How to Recognize That You’re Painting with a Calculator
I am the complex, the half explained, the half un-spun with threads hanging loose, waiting to be sewn back into myself somehow. I feel like a puzzle of locks and keys… of colors, shapes, thoughts, and perceptions that spill out from my ears and hang from my eyelashes.
It occurs to me as I walk to math class, my steps echoing like conversations thrown against each other that fall down slowly, softly, quickly. I fill the hallway with sounds of falling feet and underfoot phrases. The rustle of my papers feels like the friction of my thoughts, scraping one another in a bustle covered by sinking, smoggy small talk.
My mind is not wired into math nor school right now, and I feel the floating sensation that accompanies the moment in an airplane where you are strictly, subtly, immediately reminded that the wheels are no longer magnets of gravity pulling down onto the runway. The pressure of lifting effortlessly. I get the urge to ditch class as my impulses tangle my fingers like they do so often, so often.
I’m full of thoughts, meditations, and reflections too full already. Reflections too far and too close. And I think about that empty space I could crawl into with craving as I find the blue of the plastic seat, sliding out from under the plastic wooden desk, fake and real at the same time, mindlessly, timelessly, waiting to take my weight.
The teacher draws lines of little loops on the white board in a black expo marker that flows like a full paintbrush and turns light into purple reflection in the places that it leaves. I like the atmosphere of the athletes, rustling in varsity jackets at my table, but I think like the painters, fluidly note-taking behind me. I test like a math-brain, but I crave the freedom of the artist. I explain things clearly with voiced words, but on paper I wrap them up in complex, half explained metaphors. I don’t know why I can’t stop adding bows to their boxes, loops and loops to catch the light.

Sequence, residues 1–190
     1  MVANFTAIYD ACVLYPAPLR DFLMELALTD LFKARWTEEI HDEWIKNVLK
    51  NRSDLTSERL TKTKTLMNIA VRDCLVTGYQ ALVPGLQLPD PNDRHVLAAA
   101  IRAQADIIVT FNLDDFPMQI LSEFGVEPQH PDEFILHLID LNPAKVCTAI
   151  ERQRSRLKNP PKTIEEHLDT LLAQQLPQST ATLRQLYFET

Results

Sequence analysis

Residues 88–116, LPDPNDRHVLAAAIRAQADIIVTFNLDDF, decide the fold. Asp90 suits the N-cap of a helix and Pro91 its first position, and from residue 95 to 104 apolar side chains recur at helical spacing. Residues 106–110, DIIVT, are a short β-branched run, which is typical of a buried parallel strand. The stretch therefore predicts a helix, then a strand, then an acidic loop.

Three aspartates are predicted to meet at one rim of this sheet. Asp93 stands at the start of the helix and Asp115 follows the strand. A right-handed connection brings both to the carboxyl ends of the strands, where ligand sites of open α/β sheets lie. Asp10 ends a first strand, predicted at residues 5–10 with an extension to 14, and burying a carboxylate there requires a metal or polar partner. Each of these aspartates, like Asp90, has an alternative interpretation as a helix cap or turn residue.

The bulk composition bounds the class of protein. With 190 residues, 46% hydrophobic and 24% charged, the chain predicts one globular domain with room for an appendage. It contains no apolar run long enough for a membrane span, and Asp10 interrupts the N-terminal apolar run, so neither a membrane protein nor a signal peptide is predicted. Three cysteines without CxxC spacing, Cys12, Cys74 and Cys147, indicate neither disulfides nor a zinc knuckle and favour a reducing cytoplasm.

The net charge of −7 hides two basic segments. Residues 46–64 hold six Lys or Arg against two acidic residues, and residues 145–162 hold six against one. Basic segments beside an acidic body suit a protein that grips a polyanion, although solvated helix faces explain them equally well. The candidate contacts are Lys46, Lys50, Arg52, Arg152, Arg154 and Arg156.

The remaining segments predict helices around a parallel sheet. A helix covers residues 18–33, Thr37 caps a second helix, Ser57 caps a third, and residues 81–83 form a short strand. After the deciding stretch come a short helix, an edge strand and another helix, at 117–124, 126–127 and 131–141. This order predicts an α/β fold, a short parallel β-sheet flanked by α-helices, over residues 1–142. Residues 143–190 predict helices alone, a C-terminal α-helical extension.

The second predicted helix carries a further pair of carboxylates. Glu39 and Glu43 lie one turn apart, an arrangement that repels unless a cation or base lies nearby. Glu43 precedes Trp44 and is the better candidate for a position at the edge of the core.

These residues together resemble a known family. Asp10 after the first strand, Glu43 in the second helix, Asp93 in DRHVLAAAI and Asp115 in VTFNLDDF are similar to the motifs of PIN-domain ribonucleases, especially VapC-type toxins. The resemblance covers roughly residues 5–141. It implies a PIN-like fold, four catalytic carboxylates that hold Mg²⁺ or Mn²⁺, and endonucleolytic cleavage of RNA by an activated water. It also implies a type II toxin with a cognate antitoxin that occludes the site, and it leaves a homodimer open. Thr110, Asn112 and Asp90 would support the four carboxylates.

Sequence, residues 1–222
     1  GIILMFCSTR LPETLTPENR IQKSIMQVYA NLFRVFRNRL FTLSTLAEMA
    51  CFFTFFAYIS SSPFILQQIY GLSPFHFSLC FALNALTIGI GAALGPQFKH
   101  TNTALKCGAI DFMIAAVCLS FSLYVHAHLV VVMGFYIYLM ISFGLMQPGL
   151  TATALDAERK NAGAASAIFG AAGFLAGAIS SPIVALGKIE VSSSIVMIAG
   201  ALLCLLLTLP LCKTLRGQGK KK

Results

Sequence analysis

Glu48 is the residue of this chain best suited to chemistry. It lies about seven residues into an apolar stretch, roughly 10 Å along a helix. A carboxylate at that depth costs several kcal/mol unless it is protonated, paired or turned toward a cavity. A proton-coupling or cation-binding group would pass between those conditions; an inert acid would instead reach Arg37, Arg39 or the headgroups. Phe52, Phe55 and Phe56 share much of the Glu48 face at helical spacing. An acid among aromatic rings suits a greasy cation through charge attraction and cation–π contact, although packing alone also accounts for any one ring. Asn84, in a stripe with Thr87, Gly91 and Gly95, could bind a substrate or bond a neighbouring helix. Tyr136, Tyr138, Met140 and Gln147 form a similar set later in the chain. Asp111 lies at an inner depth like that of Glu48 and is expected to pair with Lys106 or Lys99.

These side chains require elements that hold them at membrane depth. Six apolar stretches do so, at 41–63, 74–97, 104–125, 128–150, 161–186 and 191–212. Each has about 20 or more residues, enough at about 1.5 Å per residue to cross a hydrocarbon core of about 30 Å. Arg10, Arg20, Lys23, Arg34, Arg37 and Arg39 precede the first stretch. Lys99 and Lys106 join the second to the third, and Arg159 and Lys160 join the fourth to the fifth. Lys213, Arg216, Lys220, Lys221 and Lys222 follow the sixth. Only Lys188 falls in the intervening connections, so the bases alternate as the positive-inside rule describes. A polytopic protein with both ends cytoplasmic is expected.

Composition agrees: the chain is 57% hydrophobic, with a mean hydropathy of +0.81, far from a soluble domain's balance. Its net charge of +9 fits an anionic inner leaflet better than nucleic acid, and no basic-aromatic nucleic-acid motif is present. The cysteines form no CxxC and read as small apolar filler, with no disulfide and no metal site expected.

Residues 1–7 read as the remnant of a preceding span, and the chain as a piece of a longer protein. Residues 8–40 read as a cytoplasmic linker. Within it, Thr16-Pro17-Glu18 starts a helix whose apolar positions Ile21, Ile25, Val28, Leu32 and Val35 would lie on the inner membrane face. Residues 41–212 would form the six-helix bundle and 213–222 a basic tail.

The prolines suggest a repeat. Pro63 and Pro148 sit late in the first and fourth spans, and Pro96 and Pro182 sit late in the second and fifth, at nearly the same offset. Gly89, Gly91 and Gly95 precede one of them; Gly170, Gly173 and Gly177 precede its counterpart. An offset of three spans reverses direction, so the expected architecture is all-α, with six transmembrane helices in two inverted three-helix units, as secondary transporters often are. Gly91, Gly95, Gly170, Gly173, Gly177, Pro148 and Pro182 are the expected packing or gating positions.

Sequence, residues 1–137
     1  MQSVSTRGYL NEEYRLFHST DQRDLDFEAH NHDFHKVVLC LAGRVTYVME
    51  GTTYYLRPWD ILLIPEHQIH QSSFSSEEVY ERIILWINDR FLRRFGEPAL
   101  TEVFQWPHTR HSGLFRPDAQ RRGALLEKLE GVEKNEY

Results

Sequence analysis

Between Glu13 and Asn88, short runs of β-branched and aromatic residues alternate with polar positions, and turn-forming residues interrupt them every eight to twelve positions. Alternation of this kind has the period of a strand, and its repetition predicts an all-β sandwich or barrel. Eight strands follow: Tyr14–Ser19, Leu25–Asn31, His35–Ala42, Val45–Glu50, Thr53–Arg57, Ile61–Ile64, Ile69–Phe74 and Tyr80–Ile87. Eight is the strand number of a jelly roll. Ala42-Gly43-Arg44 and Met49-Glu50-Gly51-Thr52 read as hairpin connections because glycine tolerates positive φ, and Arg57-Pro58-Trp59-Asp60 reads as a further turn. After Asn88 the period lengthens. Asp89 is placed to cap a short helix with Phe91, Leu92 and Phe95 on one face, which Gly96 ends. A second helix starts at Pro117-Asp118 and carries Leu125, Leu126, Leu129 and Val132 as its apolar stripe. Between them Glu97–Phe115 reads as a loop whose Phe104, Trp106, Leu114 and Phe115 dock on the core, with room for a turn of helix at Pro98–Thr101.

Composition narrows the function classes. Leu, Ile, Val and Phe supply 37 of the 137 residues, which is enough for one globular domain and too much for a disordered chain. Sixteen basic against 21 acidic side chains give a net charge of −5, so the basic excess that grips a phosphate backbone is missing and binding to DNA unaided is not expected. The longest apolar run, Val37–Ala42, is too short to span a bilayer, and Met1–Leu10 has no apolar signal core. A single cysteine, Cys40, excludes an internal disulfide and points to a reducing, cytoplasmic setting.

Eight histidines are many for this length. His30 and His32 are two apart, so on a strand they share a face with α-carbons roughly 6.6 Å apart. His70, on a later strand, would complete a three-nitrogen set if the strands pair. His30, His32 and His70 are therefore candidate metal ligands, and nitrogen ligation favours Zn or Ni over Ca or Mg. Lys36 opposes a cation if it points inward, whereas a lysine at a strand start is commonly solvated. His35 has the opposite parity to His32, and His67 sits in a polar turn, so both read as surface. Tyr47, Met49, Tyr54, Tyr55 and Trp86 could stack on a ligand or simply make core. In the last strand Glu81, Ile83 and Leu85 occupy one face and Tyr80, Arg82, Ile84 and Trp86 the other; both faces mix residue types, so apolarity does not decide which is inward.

I am the complex, the half explained, the half un-spun with threads hanging loose, waiting to be sewn back into myself somehow. I feel like a puzzle of locks and keys. Of rocks and pointed knees tangling into my gut that become the mass of colors, shapes, thoughts, and perceptions that spill out from my ears and hang from my eyelashes like drops of oil catching unbraided and faded rainbows.
My reflection in the mirror I recognize, but my work is foreign. I look at my math homework, and I see methods that involve charts and diagrams even though we didn’t learn that in class. I see numbers falling through the ceiling, and when I feel it, I catch them through closed fingers and squeaking pencil tips, and I know where they want to be found. Math feels like art now. Numbers were always hard, but now they are softened by the abstract qualities in my life that are growing and school is more fun and the only thing that brings me back down is my perception of myself. I see the olding yellow of my old perception crawling across my eyes every once in a while, and I cringe at my encounters with my tinted, tilted mirror.
Being younger without the vocabulary to zoom out to capture the full horizon of my thoughts made it hard to explain what I was thinking. All my thoughts came and went as pictures in fragments of the words used so much they have lost their insides, their meaning. I feel like that word sometimes. I feel like them. But then, when I am feeling empty, I see meaning so important that I cannot even explain it in the smallest little things. In the way the teacher checks on the class. In the way the varsity jackets rustle when we laugh. In the way the pictures catch the light, the looping brush strokes gleaming with different powers every time. And I’m standing there alone. The art show is over but I don’t have closure so I look at the painting like I’d look into a mirror as if I’d never seen myself before. And maybe I haven’t. Maybe I haven’t.
In my abstract mind I cannot find actions, and I cannot time my actions, and I cannot line my actions with understanding as they just happen to happen out of me. I feel myself reacting and creating and elevating beyond my younger self but I can’t see what’s up anymore. So I keep wearing the stethoscope of a physicist to feel the numbers flying, and I keep walking with my head up through my broken hallways, walking with the confidence of an artist built by brushes and influences unseen. Footsteps falling on the brown crackling of old words crushed, old conversations dropped beneath my feet. My thoughts swarm like a painting almost complete, and I begin to piece together just what I’ve been trying to find from myself all along. I reach for my paintbrush, find my calculator, and fill in the white spaces with colors and numbers and in-betweens, trusting that one day soon I can step back and see the full, metaphor-wrapped, reflection of my perception of me.